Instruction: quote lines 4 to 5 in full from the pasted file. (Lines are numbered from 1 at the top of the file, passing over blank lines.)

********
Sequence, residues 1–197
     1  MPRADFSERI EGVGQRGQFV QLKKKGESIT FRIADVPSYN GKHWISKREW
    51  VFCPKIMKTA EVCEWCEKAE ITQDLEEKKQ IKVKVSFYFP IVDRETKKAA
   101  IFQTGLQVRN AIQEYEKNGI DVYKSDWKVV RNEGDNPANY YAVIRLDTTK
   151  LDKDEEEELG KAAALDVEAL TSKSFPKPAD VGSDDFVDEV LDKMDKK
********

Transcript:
   101  IFQTGLQVRN AIQEYEKNGI DVYKSDWKVV RNEGDNPANY YAVIRLDTTK
   151  LDKDEEEELG KAAALDVEAL TSKSFPKPAD VGSDDFVDEV LDKMDKK